New stars rising, old ones fading

I hate to say it, but there’s no avoiding the stinking corpse on the living room rug: is dead. It might be twitching still, but that’s just the biota working beneath the skin, and soon they’ll erupt and start looking for new hosts.

Many already have. Scientopia was one of the early products of a Sb diaspora, and now Bora has announced the Scientific American network, which also has a swarm of very good bloggers, some formerly of Scienceblogs, but also some new and interesting faces. Scienceblogs won’t be competing with SciAm; it can’t, and there’s a lack of interest in doing so.

What happened? I’ll tell you: the absence of support. You cannot maintain a quality network without some regular investment in maintenance and growth, and while blogging is one of those activities that can flourish on a shoestring budget, it needs some nurturing, and we haven’t been getting it. Basic functionality, like LaTex support and mobile CSS, have been talked about for years and vague promises made, and nothing was done. A members-only forum was created early on for discussion and technical issues, and it was a wasteland — we’d bring up problems, sometimes quite pressing problems, and there was no reply from management — it was like whispering in a great empty room. There was a misplaced focus on advertising: the management seemed to want to land nothing but big prestige clients, like GE, but what they were selling was a motley horde of diverse and fractious voices, not the kind of thing corporate giants like, and now we’re reduced to hosting garbage ads for Christian singles, Michele Bachmann, and psychic networks, which is even more badly targeted.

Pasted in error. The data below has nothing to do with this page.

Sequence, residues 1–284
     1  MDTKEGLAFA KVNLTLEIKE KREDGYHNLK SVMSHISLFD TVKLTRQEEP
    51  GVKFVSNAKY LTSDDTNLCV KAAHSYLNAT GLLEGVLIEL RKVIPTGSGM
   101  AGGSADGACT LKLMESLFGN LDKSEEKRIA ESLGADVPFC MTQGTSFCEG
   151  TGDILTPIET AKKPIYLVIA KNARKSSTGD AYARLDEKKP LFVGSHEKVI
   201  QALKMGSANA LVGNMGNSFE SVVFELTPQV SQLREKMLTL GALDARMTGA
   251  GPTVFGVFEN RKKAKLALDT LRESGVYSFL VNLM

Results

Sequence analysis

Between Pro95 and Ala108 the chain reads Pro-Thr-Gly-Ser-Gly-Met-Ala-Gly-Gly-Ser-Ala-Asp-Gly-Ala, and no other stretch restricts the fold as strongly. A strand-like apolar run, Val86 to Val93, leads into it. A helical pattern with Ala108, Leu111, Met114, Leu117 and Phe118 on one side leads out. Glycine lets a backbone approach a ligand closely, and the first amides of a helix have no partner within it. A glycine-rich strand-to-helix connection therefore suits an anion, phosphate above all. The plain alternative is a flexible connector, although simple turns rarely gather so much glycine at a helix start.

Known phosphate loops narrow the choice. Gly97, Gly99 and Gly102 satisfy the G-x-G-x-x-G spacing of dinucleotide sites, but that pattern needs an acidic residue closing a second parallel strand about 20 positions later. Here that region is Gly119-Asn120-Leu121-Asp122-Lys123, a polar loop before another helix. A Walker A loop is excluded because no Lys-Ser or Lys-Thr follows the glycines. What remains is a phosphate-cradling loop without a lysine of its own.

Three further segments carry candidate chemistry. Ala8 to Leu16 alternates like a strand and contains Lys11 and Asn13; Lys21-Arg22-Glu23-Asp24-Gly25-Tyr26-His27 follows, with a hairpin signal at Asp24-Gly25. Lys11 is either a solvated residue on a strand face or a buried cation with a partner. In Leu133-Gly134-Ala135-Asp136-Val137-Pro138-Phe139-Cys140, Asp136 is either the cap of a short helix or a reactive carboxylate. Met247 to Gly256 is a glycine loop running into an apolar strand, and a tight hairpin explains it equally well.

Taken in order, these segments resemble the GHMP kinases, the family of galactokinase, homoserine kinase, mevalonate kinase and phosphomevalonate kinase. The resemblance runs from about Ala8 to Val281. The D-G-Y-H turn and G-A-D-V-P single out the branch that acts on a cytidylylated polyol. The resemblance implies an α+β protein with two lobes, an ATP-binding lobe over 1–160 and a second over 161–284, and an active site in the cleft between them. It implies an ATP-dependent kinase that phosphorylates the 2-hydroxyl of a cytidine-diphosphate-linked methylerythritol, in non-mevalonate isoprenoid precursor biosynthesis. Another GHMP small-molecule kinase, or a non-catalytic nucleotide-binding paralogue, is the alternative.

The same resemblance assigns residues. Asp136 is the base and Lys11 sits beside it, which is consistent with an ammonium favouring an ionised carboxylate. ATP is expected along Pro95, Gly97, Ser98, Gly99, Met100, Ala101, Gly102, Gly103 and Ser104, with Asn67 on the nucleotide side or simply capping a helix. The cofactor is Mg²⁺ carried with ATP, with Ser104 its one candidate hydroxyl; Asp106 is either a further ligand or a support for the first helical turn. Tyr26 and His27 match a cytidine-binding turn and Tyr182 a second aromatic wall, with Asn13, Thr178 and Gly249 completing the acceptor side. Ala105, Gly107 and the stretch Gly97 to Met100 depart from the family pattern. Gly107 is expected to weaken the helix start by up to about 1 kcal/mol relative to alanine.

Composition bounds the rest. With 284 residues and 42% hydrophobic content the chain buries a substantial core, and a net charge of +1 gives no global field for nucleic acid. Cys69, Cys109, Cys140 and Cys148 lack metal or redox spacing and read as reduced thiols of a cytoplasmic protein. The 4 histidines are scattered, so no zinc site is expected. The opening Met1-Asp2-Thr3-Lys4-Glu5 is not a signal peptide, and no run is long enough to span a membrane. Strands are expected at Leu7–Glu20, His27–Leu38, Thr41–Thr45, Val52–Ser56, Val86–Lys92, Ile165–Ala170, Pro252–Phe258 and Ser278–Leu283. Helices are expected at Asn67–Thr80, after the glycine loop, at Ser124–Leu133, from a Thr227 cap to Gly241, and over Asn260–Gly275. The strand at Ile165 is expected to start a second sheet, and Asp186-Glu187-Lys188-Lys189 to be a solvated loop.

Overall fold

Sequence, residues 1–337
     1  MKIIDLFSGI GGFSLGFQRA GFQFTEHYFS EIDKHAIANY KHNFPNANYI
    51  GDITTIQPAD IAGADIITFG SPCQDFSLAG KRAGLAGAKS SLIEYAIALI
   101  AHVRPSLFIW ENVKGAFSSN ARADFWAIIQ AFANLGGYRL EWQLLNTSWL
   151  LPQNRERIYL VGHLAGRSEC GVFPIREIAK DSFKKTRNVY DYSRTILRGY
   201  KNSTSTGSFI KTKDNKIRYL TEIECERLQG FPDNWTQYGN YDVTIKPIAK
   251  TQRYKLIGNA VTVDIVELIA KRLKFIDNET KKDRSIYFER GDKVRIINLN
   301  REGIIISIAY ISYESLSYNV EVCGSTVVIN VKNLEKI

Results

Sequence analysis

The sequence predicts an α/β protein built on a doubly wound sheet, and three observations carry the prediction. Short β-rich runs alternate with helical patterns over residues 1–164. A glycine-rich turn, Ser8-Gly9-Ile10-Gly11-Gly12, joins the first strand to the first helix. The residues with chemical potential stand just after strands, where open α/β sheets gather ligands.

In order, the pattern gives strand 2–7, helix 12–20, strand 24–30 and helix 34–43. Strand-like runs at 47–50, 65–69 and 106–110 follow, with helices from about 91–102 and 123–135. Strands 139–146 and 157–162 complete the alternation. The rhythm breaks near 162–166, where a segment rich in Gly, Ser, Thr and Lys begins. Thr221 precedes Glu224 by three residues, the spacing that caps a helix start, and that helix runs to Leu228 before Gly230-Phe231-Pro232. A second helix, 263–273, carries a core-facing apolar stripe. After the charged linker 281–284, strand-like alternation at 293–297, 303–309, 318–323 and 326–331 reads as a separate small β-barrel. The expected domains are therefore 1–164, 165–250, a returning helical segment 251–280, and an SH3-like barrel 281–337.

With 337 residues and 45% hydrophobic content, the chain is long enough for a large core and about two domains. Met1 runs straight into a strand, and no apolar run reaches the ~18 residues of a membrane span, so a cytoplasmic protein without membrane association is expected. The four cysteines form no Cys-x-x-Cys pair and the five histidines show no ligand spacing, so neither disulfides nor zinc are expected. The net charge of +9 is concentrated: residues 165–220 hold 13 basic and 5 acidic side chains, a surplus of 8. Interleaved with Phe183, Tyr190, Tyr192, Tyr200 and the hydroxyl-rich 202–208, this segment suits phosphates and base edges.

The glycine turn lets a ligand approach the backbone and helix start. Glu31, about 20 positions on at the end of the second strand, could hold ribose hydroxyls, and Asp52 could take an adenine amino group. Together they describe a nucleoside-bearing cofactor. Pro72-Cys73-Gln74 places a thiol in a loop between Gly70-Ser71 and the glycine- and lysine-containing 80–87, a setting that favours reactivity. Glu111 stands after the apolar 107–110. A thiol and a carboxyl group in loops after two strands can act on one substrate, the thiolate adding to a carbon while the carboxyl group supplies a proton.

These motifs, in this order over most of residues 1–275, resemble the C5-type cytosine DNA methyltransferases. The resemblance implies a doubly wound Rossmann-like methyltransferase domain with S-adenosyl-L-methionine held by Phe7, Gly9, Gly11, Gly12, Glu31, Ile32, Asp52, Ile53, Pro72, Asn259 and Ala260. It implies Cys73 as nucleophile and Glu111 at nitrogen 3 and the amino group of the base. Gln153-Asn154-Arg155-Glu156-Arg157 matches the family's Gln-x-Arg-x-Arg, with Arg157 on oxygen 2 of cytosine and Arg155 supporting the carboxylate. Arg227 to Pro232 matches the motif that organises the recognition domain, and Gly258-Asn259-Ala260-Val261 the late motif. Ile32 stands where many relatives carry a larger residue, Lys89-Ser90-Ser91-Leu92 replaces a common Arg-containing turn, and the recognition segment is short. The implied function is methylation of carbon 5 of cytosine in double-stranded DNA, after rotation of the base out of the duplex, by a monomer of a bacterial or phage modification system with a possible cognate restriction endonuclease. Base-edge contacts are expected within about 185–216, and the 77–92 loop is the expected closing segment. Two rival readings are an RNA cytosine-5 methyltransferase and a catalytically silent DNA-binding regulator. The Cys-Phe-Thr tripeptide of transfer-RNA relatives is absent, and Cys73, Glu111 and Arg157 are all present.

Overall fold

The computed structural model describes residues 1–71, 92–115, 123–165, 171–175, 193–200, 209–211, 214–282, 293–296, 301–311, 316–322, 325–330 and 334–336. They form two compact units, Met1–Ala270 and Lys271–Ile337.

If you won’t maintain the property, you end up with a slum.

It’s a real shame, too. I like this place, it’s been good to me, and I wish it could be revivified. But the head is dead, and there doesn’t seem to be the will or the ability to even try.

I think I’ll be flying away soon, too, but that’s a different announcement that will have to wait a little longer.